W. Dürig et al. / Chemosphere 222 (2019) 904e912 905


biodegradation data were generated on a relative scale (0 e5, where 5.0 represents degradation in the range of hours and 3.0 degrada- tion in weeks), using BIOWIN3 (BIOWIN v. 4.10, 2000 e2009 ) in EPI Suite ™. Data from BIOWIN are frequently used to derive estimates of biodegradation for organic chemicals in the environment (Jaworsk et al., 2003). Logarithmic transformation of K oc , K oa , S w , D, BCF, and K ow values was applied.

Measures of potential exposure to speci fic environmental compartments/recipients (e.g., soil or water) were introduced into the database using relative data (indices) from the SPIN database administered by the Nordic Council of Ministers Chemical Group (SPIN Database, 2017; SPIN Toolbox, 2017). By law, national annual tonnages on the Swedish market (imports and production) have to be reported by each user (company) to the SPIN database, which leads to a comprehensive and unique database. The data used here included compound-speci fic indices ranging from 0 to 5 for: i) chemical quantity (QI), calculated from data on annual import and production quantities in the Nordic countries, and ii) emissions (EI) to five different ‘exposure compartments’ including air, surface water, soil, sewage treatment plants, and consumers (EI Air , EI Water , EI Soil , EI Sewage treatment , EI Consumer ) (for details, see Table S1 in SI).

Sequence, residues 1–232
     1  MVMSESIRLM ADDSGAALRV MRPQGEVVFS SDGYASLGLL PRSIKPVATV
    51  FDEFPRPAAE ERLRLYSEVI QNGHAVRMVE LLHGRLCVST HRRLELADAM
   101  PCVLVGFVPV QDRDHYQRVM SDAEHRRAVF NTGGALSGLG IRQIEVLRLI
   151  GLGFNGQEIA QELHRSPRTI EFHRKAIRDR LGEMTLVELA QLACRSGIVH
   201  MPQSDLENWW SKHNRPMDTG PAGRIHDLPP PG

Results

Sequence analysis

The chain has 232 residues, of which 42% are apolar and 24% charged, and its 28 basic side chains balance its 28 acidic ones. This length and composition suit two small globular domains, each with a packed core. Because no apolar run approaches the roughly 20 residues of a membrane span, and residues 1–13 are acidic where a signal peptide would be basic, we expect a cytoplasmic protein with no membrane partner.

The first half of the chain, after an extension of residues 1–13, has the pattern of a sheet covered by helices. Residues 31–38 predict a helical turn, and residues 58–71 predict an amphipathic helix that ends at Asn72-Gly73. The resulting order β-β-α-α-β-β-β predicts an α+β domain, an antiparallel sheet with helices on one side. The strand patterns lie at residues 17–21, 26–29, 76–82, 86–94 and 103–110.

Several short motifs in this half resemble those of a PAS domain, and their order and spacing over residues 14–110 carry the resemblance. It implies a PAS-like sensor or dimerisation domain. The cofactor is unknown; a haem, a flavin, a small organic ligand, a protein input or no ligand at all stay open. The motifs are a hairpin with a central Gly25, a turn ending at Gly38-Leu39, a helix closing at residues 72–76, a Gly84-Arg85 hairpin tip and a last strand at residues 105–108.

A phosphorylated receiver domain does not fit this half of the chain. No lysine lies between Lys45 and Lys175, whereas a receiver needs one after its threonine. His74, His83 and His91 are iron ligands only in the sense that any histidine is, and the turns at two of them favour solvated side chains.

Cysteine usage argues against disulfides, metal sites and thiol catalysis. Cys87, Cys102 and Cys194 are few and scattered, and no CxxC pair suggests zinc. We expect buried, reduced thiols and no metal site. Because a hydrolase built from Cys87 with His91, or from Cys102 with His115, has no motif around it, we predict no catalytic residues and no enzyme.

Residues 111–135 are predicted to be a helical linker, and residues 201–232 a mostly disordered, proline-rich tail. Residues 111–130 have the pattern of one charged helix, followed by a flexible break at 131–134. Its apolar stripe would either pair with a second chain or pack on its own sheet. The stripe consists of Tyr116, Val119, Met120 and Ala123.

Quantitative data would have been preferable but, because of con fidentiality restrictions, indices were the best available option.

The SPIN database covered 17% of EI and 15% of QI for the com- pounds in our database. Missing indices were replaced with average values, to avoid underestimation or overestimation scoring of compounds with missing data. The SPIN database has previously been used to create a suspect list focusing on high production/

import volumes, which has been successfully applied to identify emerging micropollutants (Gago-Ferrero et al., 2018).